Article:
There are lots of reasons why a child may need a foster family.
Sometimes, their parents haven’t been able to provide them with a warm bed, clean clothing and food. Other children may have been hurt by a parent, or they haven’t been able to keep them safe. Whatever the reason, children will often feel quite scared about moving into a foster home.
Imagine how it would feel to be moved away from your family and everything you know. You’re moved into a new home with complete strangers and no idea when you’re going to see your family again. You probably wouldn’t feel great, would you?
Despite this, there are lots of things you can do to help your parents to make that child feel welcome.
1. Make a welcome book
Before you welcome a child into your home, you can help to create your family’s welcome book. This is something that will be given to your new foster siblings when they arrive, and helps them get to know who everyone is.
- It should be a little scrapbook filled with:
- Photos of everyone who lives in your house and a little bit of information about each of you.
- Photos of close friends and family who often visit you at home, plus a little information about them.
- What you like to do together as a family.
- Photos of your home, including their bedroom.
- Information about your local area and places you like to visit, so maybe your favourite park, leisure centre, and more.
You could even pick a couple of little gifts for them and leave them with the welcome book in their bedroom for when they arrive.
2. Find out what they like to do
We all have things that we like to do and other things that we don’t enjoy so much. So why not speak to them about the things you like to do and ask them what they used to do for fun too? Maybe you have some common interests. Music and tv shows are good places to start, but maybe they have a favourite football club and maybe they’re into video games.
The best thing to do when trying to make them feel welcome is to treat them just like you would a birth brother or sister. This means taking turns choosing which activities you’ll explore on any given day. Enjoying activities today can really help them feel like they are part of the family.
3. Show them it’s okay to ask for things
We all know what it’s like when you go somewhere new, with new people, and you’re afraid to ask for something. It’s often the same for children in care. They may feel scared to ask your parents for a drink or something to eat.
By asking your parents for these sorts of things in front of your foster sibling, they’ll be able to see that nothing bad comes from asking. This is the same with things like asking for help with homework and telling them when something’s gone wrong, like spilling your drink on the carpet.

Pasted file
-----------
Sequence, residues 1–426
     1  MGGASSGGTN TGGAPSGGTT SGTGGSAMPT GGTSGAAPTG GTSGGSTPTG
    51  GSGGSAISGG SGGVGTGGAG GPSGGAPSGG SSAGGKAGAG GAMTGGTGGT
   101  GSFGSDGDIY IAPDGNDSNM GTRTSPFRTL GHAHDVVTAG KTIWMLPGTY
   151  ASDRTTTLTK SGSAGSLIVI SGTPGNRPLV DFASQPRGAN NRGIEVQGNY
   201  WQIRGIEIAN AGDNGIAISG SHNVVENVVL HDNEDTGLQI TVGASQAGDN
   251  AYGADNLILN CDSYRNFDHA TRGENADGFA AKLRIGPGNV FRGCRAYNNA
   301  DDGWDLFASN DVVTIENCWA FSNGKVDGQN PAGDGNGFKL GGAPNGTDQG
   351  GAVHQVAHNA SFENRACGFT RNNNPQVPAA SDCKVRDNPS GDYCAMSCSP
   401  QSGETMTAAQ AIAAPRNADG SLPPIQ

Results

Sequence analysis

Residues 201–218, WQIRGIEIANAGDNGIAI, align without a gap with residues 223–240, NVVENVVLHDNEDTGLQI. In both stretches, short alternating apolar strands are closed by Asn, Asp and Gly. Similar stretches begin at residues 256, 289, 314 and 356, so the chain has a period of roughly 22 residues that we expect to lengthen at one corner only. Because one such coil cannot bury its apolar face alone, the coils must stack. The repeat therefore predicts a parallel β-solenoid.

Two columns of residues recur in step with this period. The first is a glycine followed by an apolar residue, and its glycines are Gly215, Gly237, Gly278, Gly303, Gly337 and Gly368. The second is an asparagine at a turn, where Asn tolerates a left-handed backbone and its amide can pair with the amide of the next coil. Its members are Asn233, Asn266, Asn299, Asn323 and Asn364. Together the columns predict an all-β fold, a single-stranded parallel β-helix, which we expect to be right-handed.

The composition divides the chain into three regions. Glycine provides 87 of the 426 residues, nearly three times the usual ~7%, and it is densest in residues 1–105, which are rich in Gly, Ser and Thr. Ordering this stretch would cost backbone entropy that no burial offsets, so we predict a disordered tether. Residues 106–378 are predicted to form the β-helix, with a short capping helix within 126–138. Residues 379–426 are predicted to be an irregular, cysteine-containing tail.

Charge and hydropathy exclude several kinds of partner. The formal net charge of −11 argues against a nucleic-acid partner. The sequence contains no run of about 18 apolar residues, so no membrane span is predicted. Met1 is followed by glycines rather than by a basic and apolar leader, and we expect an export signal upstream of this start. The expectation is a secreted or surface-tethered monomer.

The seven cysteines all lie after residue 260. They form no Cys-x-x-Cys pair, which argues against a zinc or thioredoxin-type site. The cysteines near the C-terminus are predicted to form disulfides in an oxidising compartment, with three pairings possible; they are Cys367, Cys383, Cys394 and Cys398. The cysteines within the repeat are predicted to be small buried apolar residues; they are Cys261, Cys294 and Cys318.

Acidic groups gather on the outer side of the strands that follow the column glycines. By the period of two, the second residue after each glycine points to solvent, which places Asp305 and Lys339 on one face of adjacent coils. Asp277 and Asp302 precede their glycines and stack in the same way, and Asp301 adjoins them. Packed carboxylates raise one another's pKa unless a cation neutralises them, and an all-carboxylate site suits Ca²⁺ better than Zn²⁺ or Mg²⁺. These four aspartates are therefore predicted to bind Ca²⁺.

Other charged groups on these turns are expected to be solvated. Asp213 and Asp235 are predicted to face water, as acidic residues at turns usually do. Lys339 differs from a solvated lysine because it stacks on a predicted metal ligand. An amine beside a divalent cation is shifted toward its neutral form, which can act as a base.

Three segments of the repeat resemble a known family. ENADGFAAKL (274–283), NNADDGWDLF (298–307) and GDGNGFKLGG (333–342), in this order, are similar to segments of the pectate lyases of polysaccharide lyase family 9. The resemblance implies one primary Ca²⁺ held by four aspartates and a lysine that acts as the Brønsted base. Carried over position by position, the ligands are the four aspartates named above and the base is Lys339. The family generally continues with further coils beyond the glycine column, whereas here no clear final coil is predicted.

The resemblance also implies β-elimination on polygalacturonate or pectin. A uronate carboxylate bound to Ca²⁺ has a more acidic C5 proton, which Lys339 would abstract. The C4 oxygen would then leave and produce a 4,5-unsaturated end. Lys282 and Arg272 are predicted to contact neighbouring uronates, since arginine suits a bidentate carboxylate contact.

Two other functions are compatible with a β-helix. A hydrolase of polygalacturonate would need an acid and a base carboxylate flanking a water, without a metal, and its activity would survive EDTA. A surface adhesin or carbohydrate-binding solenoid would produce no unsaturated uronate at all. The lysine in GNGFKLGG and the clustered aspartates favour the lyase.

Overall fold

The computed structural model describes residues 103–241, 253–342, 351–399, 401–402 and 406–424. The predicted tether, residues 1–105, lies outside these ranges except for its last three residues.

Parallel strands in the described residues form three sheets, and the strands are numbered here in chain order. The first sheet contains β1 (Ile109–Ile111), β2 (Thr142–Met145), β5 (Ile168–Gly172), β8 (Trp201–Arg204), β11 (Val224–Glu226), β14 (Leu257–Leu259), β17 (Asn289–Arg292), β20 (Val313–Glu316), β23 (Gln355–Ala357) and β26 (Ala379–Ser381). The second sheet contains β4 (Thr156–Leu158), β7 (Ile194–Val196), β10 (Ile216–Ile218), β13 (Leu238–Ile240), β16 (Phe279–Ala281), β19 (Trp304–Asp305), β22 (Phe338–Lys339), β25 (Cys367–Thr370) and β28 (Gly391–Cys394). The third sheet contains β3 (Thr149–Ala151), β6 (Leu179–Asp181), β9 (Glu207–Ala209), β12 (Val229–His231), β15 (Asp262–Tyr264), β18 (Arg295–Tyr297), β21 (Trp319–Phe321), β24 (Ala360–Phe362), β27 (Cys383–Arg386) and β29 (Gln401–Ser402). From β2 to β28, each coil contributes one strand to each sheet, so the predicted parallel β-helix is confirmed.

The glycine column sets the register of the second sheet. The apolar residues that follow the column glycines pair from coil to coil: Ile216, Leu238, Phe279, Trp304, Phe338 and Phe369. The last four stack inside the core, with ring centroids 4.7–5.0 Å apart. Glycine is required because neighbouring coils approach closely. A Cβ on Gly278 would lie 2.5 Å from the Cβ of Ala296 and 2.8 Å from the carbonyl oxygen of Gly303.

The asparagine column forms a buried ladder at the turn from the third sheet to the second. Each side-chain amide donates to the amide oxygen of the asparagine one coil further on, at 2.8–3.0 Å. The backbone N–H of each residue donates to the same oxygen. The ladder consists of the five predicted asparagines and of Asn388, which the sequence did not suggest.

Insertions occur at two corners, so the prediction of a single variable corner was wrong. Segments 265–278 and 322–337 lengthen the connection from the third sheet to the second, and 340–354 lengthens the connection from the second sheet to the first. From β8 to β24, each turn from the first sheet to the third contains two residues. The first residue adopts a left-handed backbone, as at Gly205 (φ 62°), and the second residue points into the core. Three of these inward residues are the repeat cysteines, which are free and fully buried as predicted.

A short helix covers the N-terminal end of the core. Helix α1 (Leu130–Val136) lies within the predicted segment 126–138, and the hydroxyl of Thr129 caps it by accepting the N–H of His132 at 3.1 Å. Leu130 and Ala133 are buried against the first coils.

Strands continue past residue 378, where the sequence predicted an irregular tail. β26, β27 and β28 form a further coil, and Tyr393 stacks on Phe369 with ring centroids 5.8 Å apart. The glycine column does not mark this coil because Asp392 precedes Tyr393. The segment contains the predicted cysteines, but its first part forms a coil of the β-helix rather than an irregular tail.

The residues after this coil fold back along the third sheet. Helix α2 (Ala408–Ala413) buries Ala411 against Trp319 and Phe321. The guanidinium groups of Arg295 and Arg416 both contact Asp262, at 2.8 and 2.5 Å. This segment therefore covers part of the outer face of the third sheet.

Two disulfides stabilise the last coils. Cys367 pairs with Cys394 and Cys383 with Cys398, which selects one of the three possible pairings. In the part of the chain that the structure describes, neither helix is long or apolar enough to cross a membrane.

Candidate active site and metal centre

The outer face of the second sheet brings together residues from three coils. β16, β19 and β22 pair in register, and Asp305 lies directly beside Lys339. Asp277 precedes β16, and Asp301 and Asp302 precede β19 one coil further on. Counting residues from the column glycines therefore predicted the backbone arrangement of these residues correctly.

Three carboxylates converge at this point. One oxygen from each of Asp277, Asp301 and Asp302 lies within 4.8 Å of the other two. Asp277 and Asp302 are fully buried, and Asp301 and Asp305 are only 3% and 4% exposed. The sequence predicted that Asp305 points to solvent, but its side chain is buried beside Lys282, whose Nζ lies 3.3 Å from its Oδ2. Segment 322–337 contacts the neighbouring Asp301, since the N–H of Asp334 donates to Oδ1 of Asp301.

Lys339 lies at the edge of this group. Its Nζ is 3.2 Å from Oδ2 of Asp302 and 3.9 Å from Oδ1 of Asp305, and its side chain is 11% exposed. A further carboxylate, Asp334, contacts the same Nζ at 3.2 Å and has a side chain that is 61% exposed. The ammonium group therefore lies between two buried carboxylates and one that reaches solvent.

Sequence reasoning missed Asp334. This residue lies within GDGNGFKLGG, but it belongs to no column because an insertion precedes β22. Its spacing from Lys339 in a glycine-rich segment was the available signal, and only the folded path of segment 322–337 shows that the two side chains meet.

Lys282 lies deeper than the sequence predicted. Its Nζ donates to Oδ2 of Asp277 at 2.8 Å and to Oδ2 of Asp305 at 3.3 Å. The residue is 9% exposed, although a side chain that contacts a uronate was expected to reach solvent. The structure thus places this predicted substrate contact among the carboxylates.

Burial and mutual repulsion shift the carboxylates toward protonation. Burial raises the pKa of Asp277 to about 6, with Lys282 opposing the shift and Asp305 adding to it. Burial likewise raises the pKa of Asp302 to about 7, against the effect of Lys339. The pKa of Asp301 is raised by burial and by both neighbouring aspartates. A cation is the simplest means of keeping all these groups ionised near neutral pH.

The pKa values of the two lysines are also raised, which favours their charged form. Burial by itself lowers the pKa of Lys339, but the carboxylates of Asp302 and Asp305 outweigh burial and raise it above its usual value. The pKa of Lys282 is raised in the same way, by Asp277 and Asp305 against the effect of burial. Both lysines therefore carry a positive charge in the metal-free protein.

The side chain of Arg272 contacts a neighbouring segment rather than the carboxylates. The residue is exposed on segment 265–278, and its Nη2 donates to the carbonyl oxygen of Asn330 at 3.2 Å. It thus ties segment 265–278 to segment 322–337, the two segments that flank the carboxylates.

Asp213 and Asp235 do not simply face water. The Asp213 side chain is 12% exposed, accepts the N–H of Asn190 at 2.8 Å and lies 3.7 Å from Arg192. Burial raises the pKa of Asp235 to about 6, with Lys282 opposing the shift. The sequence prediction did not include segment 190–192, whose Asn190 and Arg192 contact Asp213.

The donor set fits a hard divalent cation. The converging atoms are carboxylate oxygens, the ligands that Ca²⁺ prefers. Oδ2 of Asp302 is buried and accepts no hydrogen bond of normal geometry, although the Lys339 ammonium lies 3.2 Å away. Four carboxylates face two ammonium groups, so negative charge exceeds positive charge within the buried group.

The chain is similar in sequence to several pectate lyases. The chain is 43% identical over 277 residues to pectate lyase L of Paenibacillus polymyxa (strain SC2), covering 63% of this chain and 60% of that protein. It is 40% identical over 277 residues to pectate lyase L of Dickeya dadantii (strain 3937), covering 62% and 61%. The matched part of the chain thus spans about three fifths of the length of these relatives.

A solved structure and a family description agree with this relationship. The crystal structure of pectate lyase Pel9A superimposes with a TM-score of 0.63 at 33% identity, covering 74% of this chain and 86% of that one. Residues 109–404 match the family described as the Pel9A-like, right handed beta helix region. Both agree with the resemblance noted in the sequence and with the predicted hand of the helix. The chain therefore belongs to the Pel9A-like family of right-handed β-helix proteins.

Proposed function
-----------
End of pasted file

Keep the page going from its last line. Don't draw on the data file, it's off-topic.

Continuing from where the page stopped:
4. Introduce them to your friends
Some children will stay at the same school, others may move to one that’s closer. Sometimes, this will be the same school as you. Some children may find it difficult to make new friends when they move school, and this can be very lonely for them.
If you are in the same school, it would be really nice of you to check in with them at breaktimes and introduce them to your friends – even if you’re not the same age. Try to include them in the conversation and don’t be afraid to be yourself.
5. Let them open up to you
Children in care will often speak to other children and teens in the house about how they’re feeling – sometimes before the adults. That’s because they trust you and feel safe talking to you. You probably won’t have the answers they are searching for, but just being there to sit and listen is often what they need in that moment.
Sometimes, they may tell you about something they have seen or something that has happened to them. This may be upsetting for them and for you to hear too. This is called a ‘disclosure’.
If a child tells you something like this, then you should encourage them to tell an adult too. If they don’t want to, you should ask if they would like some help speaking to your parents. If they refuse the help, you should let them know that you have to speak to your parents. This helps to make sure they receive the support they need.
6. Be guided by them
Every child is different. Some will want to play games and watch movies with you from the moment they arrive, others will prefer to spend some time on their own in their bedroom.
Try not to feel deflated if they don’t want to join in with family activities straight away. Instead, let them know what you’re planning to do and that they are always welcome to join if they wish.
Hopefully, with time and lots of patience, they’ll become more and more comfortable around you and your family.
May 2 2023
How Will Things Change Now That We Foster?
Are you and your family considering fostering, but worried about how it might impact your lives? Take a look at some of the ways that your family might change now that it has taken on this new role.